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Theater review: 'Putting It Together' at South Coast Repertory

September 20, 2009 |  2:55 pm


“Putting It Together,” the makeshift audience-friendly collage from the early ’90s compiling Stephen Sondheim’s “sorry-grateful” love tunes and other melancholy ditties from his astonishing catalog, isn’t a particularly bold way for South Coast Repertory, a theater that has made its name developing new American plays, to launch its current season. But the production, which opened this weekend under the direction of Nick DeGruccio, was executed just well enough to afford Sondheim addicts like me yet another opportunity to dive into the composer’s heart-tugging lyrical complexity.

That’s reason to be more grateful than sorry, especially if you’re one of those unabashed fans of “best of” packaging. But America’s greatest living theater composer, to invoke Sondheim’s widely heralded designation, has made a specialty of misgivings, and this production, with its solid but far from stellar cast, raises its fair share of questions.

Chief among these quibbles: Just who are these performers playing exactly? It’s clear that Harry Groener and Mary Gordon Murray are portraying the well-heeled, tensely married hosts of this glamorous cocktail party, held at the couple's enviable Manhattan condo. (Set designer Thomas Buderwitz conjures the ambience in a conspicuously consuming manner that combines a gaudy chandelier, showy artworks and a dramatic staircase with a breathtaking skyline view that could easily double the apartment’s price tag.)


The rest, however, are harder to pin down. Dan Callaway seems to want to convey some semblance of commitment-phobe “Bobby” from “Company,” but he makes for a rather nebulous guest. And Niki Scalera’s single woman who starts off as a catering assistant and Matt McGrath’s puckish observer and joker who moves from the pre-show announcement about cellphones and candy wrappers to the “Invocation and Instructions to the Audience” from “The Frogs” aren’t always a natural fit in the elitist milieu that's cooked up. 
Not that the fault should be pinned entirely on the actors, all of whom are capable singers (Scalera, in particular, is vocally strong). If their presences can be bland, fuzzy or incongruous, Soojin Lee’s ill-fitting tuxes for two of the men (McGrath gets more garish duds) and forgettable ensembles for the women certainly don’t help matters. But the bigger problem is that this crocheting of numbers from a disparate array of musicals, with only an artificially imposed setting uniting them, operates in limbo that is less than a book musical yet more than a song cycle.

Devised by Sondheim and Julia McKenzie, the show demonstrates a fair amount of cleverness in the sequencing of songs — at times you can even feel the composer’s deft wit puzzling out crossword-like solutions, as when the upscale marital malaise of “Country House” and “Could I Leave You?” from “Follies” are paired in a first act that also contains the bawdy “Everybody Ought to Have a Maid” from “A Funny Thing Happened on the Way to the Forum.” But the use of party games to justify the inclusion of “The Miller’s Son” from “A Little Night Music” and “Sweet Polly Plunkett” from “Sweeny Todd” doesn’t add much to our store of insight into the shadowy figures before us.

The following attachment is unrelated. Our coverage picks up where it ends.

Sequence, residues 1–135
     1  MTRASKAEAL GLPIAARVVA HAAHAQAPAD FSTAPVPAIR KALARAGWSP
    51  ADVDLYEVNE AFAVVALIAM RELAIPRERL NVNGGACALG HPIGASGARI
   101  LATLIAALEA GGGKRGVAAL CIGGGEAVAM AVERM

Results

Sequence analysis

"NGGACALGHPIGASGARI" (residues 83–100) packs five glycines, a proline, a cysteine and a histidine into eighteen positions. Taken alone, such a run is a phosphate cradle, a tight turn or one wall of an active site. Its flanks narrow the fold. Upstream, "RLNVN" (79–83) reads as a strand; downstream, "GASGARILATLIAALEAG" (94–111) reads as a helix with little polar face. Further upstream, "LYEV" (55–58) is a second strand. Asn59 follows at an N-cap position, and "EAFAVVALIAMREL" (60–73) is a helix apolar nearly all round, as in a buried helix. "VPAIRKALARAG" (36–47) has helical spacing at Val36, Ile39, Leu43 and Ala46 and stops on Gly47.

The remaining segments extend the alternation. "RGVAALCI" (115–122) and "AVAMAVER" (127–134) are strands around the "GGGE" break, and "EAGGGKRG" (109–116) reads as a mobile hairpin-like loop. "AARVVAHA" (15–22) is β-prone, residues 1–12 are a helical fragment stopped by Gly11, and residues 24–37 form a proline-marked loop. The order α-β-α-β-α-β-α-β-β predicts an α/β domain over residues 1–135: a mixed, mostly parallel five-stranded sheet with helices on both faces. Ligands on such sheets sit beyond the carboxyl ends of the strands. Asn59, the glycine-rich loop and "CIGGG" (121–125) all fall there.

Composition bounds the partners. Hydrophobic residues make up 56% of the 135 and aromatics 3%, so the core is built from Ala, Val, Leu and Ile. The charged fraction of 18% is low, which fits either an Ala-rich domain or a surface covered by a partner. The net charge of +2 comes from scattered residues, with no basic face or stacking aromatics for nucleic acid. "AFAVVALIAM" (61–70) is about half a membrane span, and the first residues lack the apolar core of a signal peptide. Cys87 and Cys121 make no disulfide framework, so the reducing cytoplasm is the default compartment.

Perhaps the show is taking its liberties from its title song, “Putting It Together,” the only offering (strangely) from “Sunday in the Park With George.” The number, anatomizing “the art of making art,” floats the elastic notion that “every moment makes a contribution / every little detail plays a part.”

Yet if the creators had really taken this to heart, they might have been able to reveal more sides of Sondheim’s genius. The interest here is almost exclusively in relationships, the highs and lows and, even more important, the endless in betweens.

One thing DeGruccio gets right, aided by musical director Dennis Castellano and his out-of-sight fellow musicians, is the way the music bubbles up in the penthouse with dramatic credibility, never overpowering the scene. The effect can be heartbreaking, especially during Groener’s meditative handling of “Sorry-Grateful” from “Company” and Murray’s plea-like rendition of “Like It Was” from “Merrily We Roll Along.” And when the ensemble performs “Being Alive” from “Company,” the emotion accrues the weight of multiple dreams and losses.

“Putting It Together” is a Sondheim bouquet in which, even though the songs aren’t meant to be grouped together, their poignant individual loveliness makes it impossible to go completely wrong.

— Charles McNulty

"Putting It Together," South Coast Repertory, 655 Town Center Drive, Costa Mesa. 7:30 p.m. Tuesdays and Wednesdays, 8 p.m. Thursdays and Fridays, 2:30 and 8 p.m. Saturdays, 2:30 and 7:30 p.m. Sundays. Ends Oct. 11. $33-$70. (714) 708-5555 or  Running time: 1 hour, 55 minutes.

Photo: Harry Groener, Niki Scalera, Dan Callaway and Matt McGrath. Bottom: Mary Gordon Murray. Credit: Christina House / Los Angeles Times